November 18, 2021
From It's Going Down
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Report on disruption of lumber industry presentation in so-called Eugene, Oregon.

Eugene, OR – Dozens of University of Oregon students with the campus organization Climate Justice League shut down a presentation by Tyler Freres of Freres Lumber Company today, disrupting the speech and calling attention to the massive environmental impacts of post-fire logging on the climate, drinking water resources, and future wildfire hazard. The students were protesting the huge swaths of public and private forests logged by Freres lumber after the 2020 wildfires, and the corporation’s continuing efforts to greenwash their business.

Courtney Kaltenbach, the Climate Justice League’s Co-Director, said:

We’re not going to let this deceitful propaganda be spewed on our campus when the science is clear: post-fire logging is a scourge on the landscape impacting community drinking water resources and contributing to the climate crisis. We are here to send a clear message to Freres Lumber and all of those who would profit from the destruction of our forests and our climate: we will fight you at every step.

The demonstration comes just one day after community organizers defied a closure order and blockaded a road leading to public forest slated for post-fire clearcutting by Freres lumber in the Breitenbush Watershed of the Willamette National Forest.

Hundreds of acres of lightly burned mature and old growth forest are under imminent threat for clearcut logging by Freres Lumber, even while a federal judge has yet to rule on a strong legal challenge filed by environmental organizations. The logging is planned on public forestland impacted by the 2020 wildfires directly across Highway 46 from the Breitenbush Hot Springs Retreat Center and along the salmon-bearing Breitenbush river, proposed as a Wild & Scenic River. Since the 2020 fires, the watershed has already been significantly impacted by unprecedented public and private lands logging.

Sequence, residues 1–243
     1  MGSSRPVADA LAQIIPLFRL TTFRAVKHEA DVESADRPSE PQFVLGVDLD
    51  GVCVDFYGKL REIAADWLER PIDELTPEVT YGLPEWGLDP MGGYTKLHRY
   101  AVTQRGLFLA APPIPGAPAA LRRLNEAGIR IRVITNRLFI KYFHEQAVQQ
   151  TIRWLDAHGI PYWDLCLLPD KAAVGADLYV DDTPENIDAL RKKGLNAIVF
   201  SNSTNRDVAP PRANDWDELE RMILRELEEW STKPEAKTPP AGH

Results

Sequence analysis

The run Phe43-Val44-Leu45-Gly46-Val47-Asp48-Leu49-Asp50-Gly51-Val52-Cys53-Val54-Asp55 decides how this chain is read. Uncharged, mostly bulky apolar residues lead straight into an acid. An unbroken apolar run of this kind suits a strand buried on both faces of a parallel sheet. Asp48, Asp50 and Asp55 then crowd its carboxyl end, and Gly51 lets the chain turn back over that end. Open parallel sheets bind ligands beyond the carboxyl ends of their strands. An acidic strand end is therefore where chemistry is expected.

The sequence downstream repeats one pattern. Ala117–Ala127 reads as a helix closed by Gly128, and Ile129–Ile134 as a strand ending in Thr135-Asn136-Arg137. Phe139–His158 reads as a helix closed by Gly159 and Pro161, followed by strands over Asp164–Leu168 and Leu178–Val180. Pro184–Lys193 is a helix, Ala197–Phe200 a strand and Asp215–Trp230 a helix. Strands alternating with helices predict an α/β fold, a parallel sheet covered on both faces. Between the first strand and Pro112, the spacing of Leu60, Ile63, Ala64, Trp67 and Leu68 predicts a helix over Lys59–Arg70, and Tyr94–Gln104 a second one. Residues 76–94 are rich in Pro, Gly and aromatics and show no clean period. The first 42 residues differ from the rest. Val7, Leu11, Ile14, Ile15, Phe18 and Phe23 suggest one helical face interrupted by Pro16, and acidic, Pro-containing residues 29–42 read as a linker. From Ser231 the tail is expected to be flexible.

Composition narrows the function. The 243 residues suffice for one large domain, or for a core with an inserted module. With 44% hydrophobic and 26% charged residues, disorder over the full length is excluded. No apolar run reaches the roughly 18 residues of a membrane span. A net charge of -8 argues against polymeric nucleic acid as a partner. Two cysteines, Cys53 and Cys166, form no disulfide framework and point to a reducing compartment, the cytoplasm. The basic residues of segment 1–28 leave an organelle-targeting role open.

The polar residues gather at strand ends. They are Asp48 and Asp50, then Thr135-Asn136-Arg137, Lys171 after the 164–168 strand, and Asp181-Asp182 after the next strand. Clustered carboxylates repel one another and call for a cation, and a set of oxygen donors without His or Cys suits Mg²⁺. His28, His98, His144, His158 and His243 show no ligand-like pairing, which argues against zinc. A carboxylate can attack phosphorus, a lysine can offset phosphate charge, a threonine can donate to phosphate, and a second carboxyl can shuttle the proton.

“In the year since the 2020 Labor Day fires, the timber industry has leveled hundreds of thousands of acres of burned forest across the state, polluting drinking water, endangering communities, and driving the climate crisis,” said Eloise Navarro, an organizer with Climate Justice League. “There is no doubt that, if my generation even has a future, Freres Lumber and their ilk will be portrayed in our history books as criminals of the worst order.”

The Highway 46 project was originally proposed as a green tree timber sale focused on logging young plantation forest with light thinning in mature and old growth stands. A decision was released in 2019 allowing for logging to move forward, after environmental groups had bargained with the National Forest to drop some of the oldest and most ecologically diverse units. Logging had not been completed at the time of the Labor Day windstorm and the rapid spread of the Beachie Creek Fire, which burned through the remaining unlogged units.

This year, organizers discovered that the Forest Service had changed the contracts with Freres on the remaining units from thinning to clearcutting, allowing post-fire logging to move forward without an additional National Environmental Policy Act (NEPA) review and the environmental impact analysis necessary to gauge the increased environmental degradation associated with post-fire logging. The agency advanced these plans with no public announcement in direct violation of federal law.

“Attempting to make a profit off of these critical ecosystems is despicable and nefarious behavior,” said Sara James, an organizer with Cascadia Forest Defenders. “Especially during the climate crisis, Freres Timber has no right to hoard private gains from public forests”

Ecologically devastating post-fire logging has long been opposed by prominent forest ecologists Jerry Franklin and Norm Johnson, often hailed as the primary architects of the Northwest Forest Plan. In a recent opinion piece in the Statesman Journal, Franklin and Johnson wrote “in the wake of the 2020 wildfires, the best approach to ecological recovery is, literally, to let nature take its course.”

The timber sale is in the Breitenbush River drinking watershed, and would have significant impacts to drinking water quality in the Detroit Reservoir. Hundreds of thousands of Willamette Valley residents rely on the Detroit reservoir for their drinking water.

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Source: Itsgoingdown.org